Claud. If I see any thing to-night why I should not marry her to-morrow; in the congregation, where I should wed, there will I shame her.
D. Pedro. And, as I wooed for thee to obtain her, I will join with thee to disgrace her.
D. John. I will disparage her no farther, till you are my witnesses: bear it coldly but till midnight, and let the issue show itself.
D. Pedro. O day untowardly turned !
D. John. O plague right well prevented!
Enter DOGBERRY and VERGES, with the Watch. Dogb. Are you good men and true?
Verg. Yea, or else it were pity but they should suffer salvation, body and soul.
Dogb. Nay, that were a punishment too good for them, if they should have any allegiance in them, being chosen for the prince's watch.
Verg. Well, give them their charge, neighbour Dogberry.
Dogb. First, who think you the most desartless, man to be constable ?
1 Watch. Hugh Oatcake, sir, or George Seacoal; for they can write and read.
Dogb. Come hither, neighbour Seacoal. God hath blessed you with a good name : to be a well-favoured man is the gift of fortune; but to write and read comes by nature.
2 Watch. Both which, master constable,
Dogb. You have; I knew it would be your answer. Well, for your favour, sir, why, give God thanks, and make no boast of it; and for your writing and reading, let that appear when there is no need of such vanity. You are thought here to be the most senseless and fit man for the constable of the watch ; therefore bear you the lantern: This is your charge; You shall comprehend all vagrom men; you are to bid any man stand, in the prince's name.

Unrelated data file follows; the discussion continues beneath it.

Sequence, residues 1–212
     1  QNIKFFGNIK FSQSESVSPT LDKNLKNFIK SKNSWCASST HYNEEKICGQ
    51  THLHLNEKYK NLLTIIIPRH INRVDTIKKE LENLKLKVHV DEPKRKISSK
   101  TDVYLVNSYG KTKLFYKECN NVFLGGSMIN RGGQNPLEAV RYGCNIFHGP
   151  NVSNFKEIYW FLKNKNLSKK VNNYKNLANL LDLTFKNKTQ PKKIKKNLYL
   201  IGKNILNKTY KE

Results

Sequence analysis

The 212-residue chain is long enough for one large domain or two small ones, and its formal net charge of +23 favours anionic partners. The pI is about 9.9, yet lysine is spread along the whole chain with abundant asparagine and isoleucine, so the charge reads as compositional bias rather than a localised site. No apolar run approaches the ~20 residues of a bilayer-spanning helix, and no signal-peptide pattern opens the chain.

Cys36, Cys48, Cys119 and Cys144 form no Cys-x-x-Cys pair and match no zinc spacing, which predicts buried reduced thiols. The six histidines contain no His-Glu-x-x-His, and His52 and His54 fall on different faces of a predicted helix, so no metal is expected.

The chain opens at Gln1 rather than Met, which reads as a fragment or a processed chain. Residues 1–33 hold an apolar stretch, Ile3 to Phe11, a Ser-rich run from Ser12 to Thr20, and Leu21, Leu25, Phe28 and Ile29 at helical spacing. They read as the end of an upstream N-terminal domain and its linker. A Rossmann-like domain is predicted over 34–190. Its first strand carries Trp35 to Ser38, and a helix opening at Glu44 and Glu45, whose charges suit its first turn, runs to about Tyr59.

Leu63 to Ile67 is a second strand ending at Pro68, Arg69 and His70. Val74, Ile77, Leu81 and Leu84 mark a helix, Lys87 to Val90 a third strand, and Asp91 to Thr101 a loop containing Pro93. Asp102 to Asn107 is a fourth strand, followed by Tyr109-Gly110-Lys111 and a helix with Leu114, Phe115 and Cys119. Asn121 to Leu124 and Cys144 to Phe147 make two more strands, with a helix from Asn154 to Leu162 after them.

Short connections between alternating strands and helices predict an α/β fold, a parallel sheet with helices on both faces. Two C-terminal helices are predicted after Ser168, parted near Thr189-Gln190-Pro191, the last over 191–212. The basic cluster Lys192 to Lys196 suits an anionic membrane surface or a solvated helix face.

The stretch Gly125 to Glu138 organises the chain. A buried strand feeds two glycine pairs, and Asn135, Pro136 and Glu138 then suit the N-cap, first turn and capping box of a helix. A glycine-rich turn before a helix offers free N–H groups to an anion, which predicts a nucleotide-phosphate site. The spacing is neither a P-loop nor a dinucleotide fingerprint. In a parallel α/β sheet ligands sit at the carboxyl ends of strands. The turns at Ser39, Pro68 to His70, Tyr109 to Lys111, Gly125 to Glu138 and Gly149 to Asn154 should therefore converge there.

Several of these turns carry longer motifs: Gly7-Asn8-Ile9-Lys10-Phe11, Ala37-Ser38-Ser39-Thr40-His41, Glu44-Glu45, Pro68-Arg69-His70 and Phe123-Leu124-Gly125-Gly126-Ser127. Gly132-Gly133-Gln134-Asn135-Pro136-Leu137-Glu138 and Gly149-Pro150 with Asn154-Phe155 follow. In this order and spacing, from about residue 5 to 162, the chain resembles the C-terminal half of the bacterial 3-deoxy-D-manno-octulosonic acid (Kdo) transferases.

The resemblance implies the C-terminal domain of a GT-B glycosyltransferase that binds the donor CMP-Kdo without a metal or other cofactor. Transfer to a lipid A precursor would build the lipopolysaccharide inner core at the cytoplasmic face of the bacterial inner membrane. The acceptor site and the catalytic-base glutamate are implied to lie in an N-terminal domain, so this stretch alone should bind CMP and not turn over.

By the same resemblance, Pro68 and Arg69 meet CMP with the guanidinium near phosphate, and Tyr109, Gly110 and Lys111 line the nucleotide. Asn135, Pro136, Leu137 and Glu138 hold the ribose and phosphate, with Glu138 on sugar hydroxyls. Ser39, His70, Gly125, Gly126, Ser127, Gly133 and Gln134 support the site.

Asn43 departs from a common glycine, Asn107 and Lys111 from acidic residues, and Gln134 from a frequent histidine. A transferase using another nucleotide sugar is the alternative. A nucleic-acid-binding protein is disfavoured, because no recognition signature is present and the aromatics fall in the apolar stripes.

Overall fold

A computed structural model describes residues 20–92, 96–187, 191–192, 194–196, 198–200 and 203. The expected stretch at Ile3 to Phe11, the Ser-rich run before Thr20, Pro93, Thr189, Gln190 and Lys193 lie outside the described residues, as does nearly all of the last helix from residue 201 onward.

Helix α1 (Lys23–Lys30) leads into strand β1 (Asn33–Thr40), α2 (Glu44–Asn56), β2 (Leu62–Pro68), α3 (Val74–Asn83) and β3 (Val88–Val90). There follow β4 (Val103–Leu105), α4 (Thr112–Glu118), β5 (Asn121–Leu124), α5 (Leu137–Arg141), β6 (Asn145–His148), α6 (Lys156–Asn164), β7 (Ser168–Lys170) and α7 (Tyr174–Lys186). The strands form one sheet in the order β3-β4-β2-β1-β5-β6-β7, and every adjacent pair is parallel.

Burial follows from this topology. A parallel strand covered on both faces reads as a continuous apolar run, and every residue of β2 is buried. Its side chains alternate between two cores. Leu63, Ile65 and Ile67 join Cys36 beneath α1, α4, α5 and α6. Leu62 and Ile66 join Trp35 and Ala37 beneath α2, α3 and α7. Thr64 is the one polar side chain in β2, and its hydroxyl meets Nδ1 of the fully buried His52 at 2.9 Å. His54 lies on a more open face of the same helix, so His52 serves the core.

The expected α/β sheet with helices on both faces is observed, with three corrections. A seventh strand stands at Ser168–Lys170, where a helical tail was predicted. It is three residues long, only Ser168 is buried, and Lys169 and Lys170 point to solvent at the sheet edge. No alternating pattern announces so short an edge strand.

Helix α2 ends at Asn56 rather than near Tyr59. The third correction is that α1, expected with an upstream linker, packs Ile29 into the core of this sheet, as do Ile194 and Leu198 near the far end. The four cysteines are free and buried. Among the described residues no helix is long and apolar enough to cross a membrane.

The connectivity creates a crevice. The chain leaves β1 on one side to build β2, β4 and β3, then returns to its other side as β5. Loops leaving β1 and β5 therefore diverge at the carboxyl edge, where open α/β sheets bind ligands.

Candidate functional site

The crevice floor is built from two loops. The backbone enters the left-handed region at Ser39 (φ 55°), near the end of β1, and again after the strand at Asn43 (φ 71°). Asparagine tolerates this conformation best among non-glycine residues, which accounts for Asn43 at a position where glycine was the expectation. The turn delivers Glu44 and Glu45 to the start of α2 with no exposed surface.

2 Watch. How if he will not stand ?
Dogb. Why then, take no note of him, but let him go; and presently call the rest of the watch together, and thank God you are rid of a knave.
Verg. If he will not stand when he is bidden, he is none of the prince's subjects.
Dogb. True, and they are to meddle with none but the prince's subjects :-You shall also make no noise in the streets; for, for the watch to babble and talk, is most tolerable and not to be endured.
2 Watch. We will rather sleep than talk; we know what belongs to a watch.
Dogb. Why, you speak like an ancient and most quiet watchman; for I cannot see how sleeping should offend : only, have a care that your bills 4 be not stolen :-Well, you are to call at all the alehouses, and bid those that are drunk get them to bed.
2 Watch. How if they will not?
Dogb. Why then, let them alone till they are sober; if they make you not then the better answer, you may say, they are not the men you took them for.
2 Watch. Well, sir.
Dogb. If you meet a thief, you may suspect him, by virtue of your office, to be no true man: and, for such kind of men, the less you meddłe or make with thein, why, the more is for your honesty.
2 Watch. If we know him to be a thief, shall we not lay hands on him?
Dogb. Truly, by your office, you may; but, I think, they that touch pitch will be defiled: the most peaceable way for you, if you do take a thief,
4 Weapons of the watchmen.